Continuum Electrostatics Calculations

In a nutshell:
Continuum electrostatic calculations represent the time-averaged electrostatic contributions of solvent and ions. They provide an alternative to simulations with explicit water and ions.

The Poisson equation is the fundamental equation of classical electrostatics:

2φ = (−4πρ)/ε
That is, the curvature of the electrostatic potential (φ) at a point in space is directly proportional to the charge density (ρ) at that point and inversely proportional to the permittivity of the medium (ε). The permittivity or dielectric constant is the medium's responsiveness to charge and includes contributions from electronic polarization and the reorientation and movement of atoms. Higher ε corresponds to a greater responsiveness and greater ability to screen charges from other charges. In vacuum, ε = 1.

If all charges are represented explicitly, the Poisson equation simplifies to the Coulomb equation (and ε = 1 is generally used):

φ = (1/ε) Σ(qi/di)
That is, the electrostatic potential at a point in space is a sum over the charges in the system scaled by their distances from that point. Because the response of the medium involves motion, however, simulations are required to model the system, for example, to allow water molecules to reorient around a charged solute.

If the solvent is represented by a continuum instead of explicitly, then it is necessary to solve the Poisson equation to get the spatial distribution of the electrostatic potential (what we show with Volume Viewer and Surface Color in Chimera) and the total electrostatic energy of the system:

electrostatic energy = (½) Σ(qiφi)
With appropriate thermodynamic cycles, it is possible to calculate electrostatic contributions to solvation energy, binding energy, etc. However, most often the calculation is run for a single, static set of coordinates embedded in a high dielectric, to represent the molecule(s) in aqueous solution:
Major inputs: coordinates, atomic radii, atomic point charges, "inside" and "outside" dielectrics, ionic strength (but be aware there are many other parameters)

Typically, inside the molecular surface is assigned ε = 2-10 and outside is assigned ε = 78-80.
Now (at least with DelPhi) you can do even fancier things with more than two different dielectrics, geometric solids, etc.

When ε is not a single constant over the whole system, the Poisson equation becomes

∇ · ε∇φ = −4πρ

(why DelPhi is the best program name ever!!)
and including mobile ions makes it the Poisson-Boltzmann equation
∇ · ε∇φ − (ions term) = −4πρ
which can be linearized under the assumption that φ is small relative to kT. The linearized form can be solved more rapidly.

For molecules of arbitrary shape (not a perfect sphere, for example), the equation has to be solved numerically rather than analytically. In finite-difference Poisson-Boltzmann (FDPB) calculations, space is gridded up and the equation is solved by finite difference iteration to convergence. Various algorithmic tricks are used to speed convergence. The finite-difference equation:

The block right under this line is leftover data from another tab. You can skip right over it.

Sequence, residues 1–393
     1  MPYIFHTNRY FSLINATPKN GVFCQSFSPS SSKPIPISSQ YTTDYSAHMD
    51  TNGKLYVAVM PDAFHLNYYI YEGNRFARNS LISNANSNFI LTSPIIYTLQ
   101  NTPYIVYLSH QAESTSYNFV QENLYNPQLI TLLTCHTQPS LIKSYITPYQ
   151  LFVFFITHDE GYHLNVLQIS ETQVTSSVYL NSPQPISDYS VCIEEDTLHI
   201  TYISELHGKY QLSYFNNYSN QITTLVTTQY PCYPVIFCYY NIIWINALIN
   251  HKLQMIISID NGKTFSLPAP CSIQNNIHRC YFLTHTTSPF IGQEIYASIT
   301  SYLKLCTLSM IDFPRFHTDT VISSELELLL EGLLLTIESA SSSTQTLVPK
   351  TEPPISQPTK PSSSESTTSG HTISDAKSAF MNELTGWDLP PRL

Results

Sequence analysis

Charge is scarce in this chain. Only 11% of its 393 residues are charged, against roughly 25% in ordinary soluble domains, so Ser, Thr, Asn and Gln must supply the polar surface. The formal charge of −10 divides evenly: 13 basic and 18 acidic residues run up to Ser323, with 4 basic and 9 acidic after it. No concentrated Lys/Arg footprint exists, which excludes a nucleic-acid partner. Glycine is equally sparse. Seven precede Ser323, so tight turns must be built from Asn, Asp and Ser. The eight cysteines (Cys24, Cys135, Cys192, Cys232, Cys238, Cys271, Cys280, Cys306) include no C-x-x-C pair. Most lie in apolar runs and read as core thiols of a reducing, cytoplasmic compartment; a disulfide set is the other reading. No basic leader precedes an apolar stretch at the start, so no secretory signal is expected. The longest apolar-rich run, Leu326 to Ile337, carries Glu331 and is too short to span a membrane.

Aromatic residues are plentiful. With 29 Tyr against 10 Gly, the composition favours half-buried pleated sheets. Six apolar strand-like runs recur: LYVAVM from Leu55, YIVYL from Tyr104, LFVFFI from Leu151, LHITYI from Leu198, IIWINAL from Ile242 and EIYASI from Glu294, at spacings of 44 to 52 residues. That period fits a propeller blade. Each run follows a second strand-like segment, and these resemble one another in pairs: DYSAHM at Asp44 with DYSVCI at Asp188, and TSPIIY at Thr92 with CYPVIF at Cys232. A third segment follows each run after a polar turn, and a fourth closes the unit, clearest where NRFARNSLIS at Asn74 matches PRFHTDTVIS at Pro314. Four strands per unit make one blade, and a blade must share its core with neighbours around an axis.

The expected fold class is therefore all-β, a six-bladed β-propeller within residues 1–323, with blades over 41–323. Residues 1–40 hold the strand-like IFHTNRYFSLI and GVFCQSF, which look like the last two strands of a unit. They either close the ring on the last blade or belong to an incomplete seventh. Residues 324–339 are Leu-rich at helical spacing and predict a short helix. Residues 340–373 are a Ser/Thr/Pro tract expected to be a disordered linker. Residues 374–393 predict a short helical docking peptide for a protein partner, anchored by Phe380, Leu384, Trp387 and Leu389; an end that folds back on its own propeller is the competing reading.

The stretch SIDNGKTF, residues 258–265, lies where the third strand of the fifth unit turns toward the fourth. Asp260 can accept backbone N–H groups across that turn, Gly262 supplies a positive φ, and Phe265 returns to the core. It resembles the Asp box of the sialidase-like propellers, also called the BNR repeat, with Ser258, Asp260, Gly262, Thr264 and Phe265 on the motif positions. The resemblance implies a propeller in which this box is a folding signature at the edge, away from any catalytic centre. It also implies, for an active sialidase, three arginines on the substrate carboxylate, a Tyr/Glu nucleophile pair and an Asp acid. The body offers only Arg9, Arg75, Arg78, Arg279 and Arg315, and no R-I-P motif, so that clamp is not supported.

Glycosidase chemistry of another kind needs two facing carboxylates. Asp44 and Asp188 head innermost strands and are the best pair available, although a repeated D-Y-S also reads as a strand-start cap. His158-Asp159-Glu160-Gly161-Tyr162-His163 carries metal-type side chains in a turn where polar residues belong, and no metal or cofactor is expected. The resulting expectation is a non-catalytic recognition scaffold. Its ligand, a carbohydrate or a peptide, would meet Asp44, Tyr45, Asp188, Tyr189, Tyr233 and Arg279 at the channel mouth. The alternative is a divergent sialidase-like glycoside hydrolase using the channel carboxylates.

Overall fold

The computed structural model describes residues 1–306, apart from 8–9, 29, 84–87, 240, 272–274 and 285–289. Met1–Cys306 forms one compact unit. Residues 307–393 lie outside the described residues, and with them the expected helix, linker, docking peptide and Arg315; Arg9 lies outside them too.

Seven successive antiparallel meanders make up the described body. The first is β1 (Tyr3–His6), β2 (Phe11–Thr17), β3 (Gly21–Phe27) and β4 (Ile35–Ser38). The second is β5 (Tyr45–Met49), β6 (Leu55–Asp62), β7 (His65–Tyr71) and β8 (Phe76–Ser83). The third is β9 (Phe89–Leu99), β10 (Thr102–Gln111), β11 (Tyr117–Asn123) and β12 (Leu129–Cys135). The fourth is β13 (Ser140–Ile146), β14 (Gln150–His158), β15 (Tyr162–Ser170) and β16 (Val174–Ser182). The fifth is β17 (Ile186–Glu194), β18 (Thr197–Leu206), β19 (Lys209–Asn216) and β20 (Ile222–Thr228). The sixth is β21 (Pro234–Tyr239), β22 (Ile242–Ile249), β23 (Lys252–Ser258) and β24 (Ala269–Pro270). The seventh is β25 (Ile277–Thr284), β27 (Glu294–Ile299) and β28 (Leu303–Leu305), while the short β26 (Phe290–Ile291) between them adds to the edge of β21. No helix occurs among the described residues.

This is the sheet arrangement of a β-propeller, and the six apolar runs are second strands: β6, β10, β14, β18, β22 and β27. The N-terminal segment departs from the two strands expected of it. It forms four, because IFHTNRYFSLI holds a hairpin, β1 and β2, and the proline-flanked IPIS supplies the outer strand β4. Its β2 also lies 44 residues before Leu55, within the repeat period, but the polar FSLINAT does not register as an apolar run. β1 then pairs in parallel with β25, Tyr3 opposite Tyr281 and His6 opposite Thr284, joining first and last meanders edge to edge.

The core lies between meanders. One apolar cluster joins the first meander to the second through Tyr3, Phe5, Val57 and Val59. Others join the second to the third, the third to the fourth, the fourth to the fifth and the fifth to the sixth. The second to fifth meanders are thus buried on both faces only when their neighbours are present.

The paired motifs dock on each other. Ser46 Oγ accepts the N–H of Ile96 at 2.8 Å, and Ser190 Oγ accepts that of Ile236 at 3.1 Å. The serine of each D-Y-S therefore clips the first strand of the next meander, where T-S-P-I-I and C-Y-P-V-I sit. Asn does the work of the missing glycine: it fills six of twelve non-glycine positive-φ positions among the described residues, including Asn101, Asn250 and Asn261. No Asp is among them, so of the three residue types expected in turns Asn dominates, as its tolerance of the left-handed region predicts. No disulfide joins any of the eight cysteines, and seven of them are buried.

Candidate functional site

φo = (Σεiφi) + (4πqo/grid-res)

(Σεi) + (another ions term)o
where φo is the potential at a particular grid point, φi is the potential at the six nearest neighbors, and εi is the dielectric constant at the midpoint between φo and φi. Essentially, the potential at a grid point keeps adjusting based on the potentials at the nearest neighbor grid points. In DelPhi, the potential comes out in units of kT/e.

Errors due to discretization are addressed by focussing (multiple runs with the molecule(s) filling successively larger portions of the box, to minimize errors due to boundary conditions) and averaging over calculations with shifted (rotated and/or translated) grid positions.

Electrostatic potential maps obtained from continuum electrostatic calculations can be very different than those obtained using Coulomb's equation with a constant or distance-dependent dielectric (ε = 4r is commonly used as the best, yet not very good, approximation when neither continuum dielectric nor explicit solvent calculations are feasible). The presence of different dielectric regions and their detailed shapes are important in determining the distribution of electrostatic potential.

The "force field scoring" I put in DOCK 3.0 allowed constant or distance-dependent dielectrics to be used, with ε = 4r recommended. Swiss-PdbViewer calculates a Coulombic potential (see documentation). So does Midas (esp command, apparently using parameter files of partial charges of atoms in standard residues).

Many programs perform numerical PB calculations, including:


  1. Sharp KA, Honig B. Electrostatic interactions in macromolecules: theory and applications. Annu Rev Biophys Biophys Chem. 1990;19:301-32.
    Review of electrostatics equations and several different approaches to calculating electrostatics.
  2. Honig B, Nicholls A. Classical electrostatics in biology and chemistry. Science. 1995 May 26;268(5214):1144-9.
    Relatively short overview of scientific applications of continuum electrostatic calculations (only one equation!).
...and I have many more (dozens) if anyone wants further details... / April 18, 2005